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Chicago Maroon

The University of Chicago’s Independent Student Newspaper since 1892

Chicago Maroon

The University of Chicago’s Independent Student Newspaper since 1892

Chicago Maroon

Botany Pond Restoration Faces Delays, Reopening Date Unclear

The restoration of Botany Pond, which aims to revitalize the pond’s ecosystem and ensure its longevity, was originally slated for completion in the summer of 2023 but faced timeline delays due to the unforeseen scope of the project.
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According to a University spokesperson, the refilling of Botany Pond along with its bridge repairs are set to be completed this spring, with planting and landscaping occurring over the summer. The re-introduction of the pond’s wildlife will be a gradual process that will begin upon the pond’s refilling, with a focus on re-building the pond’s ecosystem from the ground up in order to ensure its self-sufficiency. It is unclear when Botany Pond will be open to the public again.

The Maroon spoke with Michael LaBarbera, Emeritus Professor of Biology and advisor for Botany Pond’s restoration project, to learn more about the project’s aims and timeline. LaBarbera estimated that the re-establishment of the pond’s ecosystem could take six to eight months and would begin before the pond starts accepting visitors.

LaBarbera said a leak amounting to approximately 30,000 gallons of water a month due to the pond’s damaged concrete lining initially prompted the restoration. 

“The leak was the proximate trigger for this [restoration project], but the pond had been going downhill biologically for years before that… This leak of 30,000 gallons a month meant it was time to just start from scratch—to drain the pond, fix the leaks, and then rebuild it,” LaBarbera said.

Originally slated for completion in the summer of 2023, the restoration of Botany Pond has faced many timeline delays due to the scope of the project, according to the University spokesperson. When repairs started on the pond walls, the deteriorating cement underneath the bridge was revealed, prompting a removal of the bridge. “The problem was [the bridge repair] happened in the fall. It’s not a great time to be doing concrete work, and so everything gets pushed back,” LaBarbera said.

The University spokesperson and LaBarbera both emphasize the restoration project’s goal of ensuring the pond’s self-sustainability and longevity. With the draining of the pond, its self-sustaining ecosystem was lost. However, Botany Pond could naturally rebuild its ecosystem over a timeframe of multiple years, and LaBarbera intends to jump-start this process by collecting samples of tiny aquatic animals, such as zooplankton and copepods, and introducing them into the re-filled pond. The plan is for them to have time to reproduce without any predatory fish over several months, so that when the fish are introduced, there will be a well-established food chain.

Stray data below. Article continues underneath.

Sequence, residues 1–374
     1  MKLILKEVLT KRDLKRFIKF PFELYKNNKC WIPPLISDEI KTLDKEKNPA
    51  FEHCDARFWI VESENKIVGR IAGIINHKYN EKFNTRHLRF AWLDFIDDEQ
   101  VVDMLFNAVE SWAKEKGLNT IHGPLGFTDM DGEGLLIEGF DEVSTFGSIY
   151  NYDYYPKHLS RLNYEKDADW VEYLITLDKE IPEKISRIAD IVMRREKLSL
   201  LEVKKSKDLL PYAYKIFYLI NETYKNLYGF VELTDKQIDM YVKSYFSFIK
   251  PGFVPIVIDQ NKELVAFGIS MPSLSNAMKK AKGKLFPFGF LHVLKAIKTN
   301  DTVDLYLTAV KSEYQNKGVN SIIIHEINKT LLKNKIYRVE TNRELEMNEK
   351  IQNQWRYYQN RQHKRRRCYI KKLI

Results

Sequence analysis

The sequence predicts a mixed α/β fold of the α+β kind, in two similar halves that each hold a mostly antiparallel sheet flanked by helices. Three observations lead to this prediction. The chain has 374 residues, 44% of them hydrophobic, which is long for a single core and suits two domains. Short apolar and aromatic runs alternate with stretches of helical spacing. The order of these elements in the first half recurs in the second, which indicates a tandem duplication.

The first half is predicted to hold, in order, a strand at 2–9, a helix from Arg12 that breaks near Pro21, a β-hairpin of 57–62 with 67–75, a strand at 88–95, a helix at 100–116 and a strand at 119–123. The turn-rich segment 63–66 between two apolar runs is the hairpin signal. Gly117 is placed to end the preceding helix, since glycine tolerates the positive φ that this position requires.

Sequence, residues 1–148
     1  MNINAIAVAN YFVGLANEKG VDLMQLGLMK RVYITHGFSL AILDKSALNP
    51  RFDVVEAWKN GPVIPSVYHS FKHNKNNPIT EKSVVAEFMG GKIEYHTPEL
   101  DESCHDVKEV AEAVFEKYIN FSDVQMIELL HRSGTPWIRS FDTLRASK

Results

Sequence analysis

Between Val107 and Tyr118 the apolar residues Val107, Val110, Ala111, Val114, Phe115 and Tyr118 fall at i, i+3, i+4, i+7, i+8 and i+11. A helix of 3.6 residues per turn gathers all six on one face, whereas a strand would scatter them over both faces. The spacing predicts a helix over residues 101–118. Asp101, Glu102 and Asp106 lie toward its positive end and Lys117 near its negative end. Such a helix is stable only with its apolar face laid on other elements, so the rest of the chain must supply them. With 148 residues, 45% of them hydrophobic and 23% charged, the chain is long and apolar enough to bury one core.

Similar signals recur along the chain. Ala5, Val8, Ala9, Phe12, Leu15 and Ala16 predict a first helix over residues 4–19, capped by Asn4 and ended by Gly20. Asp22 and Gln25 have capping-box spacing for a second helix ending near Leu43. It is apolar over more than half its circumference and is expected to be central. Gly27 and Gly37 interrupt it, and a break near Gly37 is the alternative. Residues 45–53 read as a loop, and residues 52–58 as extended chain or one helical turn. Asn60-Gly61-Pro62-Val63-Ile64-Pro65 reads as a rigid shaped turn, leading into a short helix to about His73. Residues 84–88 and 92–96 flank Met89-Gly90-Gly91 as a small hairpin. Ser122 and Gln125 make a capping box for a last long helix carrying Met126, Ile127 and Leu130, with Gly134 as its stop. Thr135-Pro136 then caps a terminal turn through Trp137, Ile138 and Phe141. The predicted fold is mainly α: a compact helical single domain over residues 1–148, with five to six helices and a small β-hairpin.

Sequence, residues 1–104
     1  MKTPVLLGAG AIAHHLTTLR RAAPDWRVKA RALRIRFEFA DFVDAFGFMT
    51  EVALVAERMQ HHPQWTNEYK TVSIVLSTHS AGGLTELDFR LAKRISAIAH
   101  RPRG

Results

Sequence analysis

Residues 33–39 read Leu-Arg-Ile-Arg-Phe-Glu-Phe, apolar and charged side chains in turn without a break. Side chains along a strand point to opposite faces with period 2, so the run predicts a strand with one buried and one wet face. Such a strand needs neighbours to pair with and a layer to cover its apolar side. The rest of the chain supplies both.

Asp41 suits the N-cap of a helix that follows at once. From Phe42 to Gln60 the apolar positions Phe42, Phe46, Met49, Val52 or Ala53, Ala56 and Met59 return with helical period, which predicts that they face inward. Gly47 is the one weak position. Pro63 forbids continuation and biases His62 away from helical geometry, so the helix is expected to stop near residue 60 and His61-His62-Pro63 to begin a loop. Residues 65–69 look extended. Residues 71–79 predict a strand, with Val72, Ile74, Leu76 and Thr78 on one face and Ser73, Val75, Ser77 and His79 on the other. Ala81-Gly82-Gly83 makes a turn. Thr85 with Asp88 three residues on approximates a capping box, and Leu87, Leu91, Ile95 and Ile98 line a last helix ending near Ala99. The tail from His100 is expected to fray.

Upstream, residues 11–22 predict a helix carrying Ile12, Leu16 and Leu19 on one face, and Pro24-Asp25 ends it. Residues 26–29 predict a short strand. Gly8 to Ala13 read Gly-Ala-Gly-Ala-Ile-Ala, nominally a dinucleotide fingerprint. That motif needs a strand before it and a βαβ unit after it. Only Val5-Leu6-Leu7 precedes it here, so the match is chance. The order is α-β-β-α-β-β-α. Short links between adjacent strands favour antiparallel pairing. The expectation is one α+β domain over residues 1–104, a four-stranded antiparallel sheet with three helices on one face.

The project is carefully taking into consideration the pond’s future flora and fauna, precautions for pond visitors’ safety, and the pond’s history as a biological repository of plants. LaBarbera was part of the team that considered which organisms and plants to build the pond’s restored ecosystem with. 

“We went through a long list and … argued about this one versus that one,” LaBarbera said. “We want plantings that are diverse, and I’ve been pushing really hard to have them put only plants there that are native, so that you get a feel for what would be growing in a natural pond in the Midwest.”

About six feet of mud on the floor of the pond was discovered during the restoration, meaning the true depth of the pond measures nine feet, as opposed to the previous estimation of its depth at 3.5 feet. Due to the discovery of the pond’s significant depth, the project plans for safety measures to be put in place in case someone falls into the water. 

“We can’t have people falling in the pond anymore, because it’s non-trivial to get out. You can’t simply stand up,” LaBarbera said. “So there’s been a lot of discussions making sure that if somebody does fall in the pond, there’s an easy way to get out.”

Along with a repair of the bridge, the project also aims to establish a natural water filtration system that should keep the pond healthy for years to come if properly maintained. 

“I want to see [the pond] last another 100 years. I may not be here to see it last another 100 years, but I want it to last another 100 years,” says LaBarbera.

As for the students who miss Botany Pond’s turtles, LaBarbera’s words may offer them some comfort: “The turtles are at a spa for turtles. There’s a wildlife biologist the University is paying to house the turtles to feed them, keep them healthy, [and] put them back later.”

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    Däryl [Darl] Nelson / Feb 19, 2024 at 9:10 am

    Thank you for this update. I’m so happy to hear that the turtles are being cared for; I look forward to this completed renovation.

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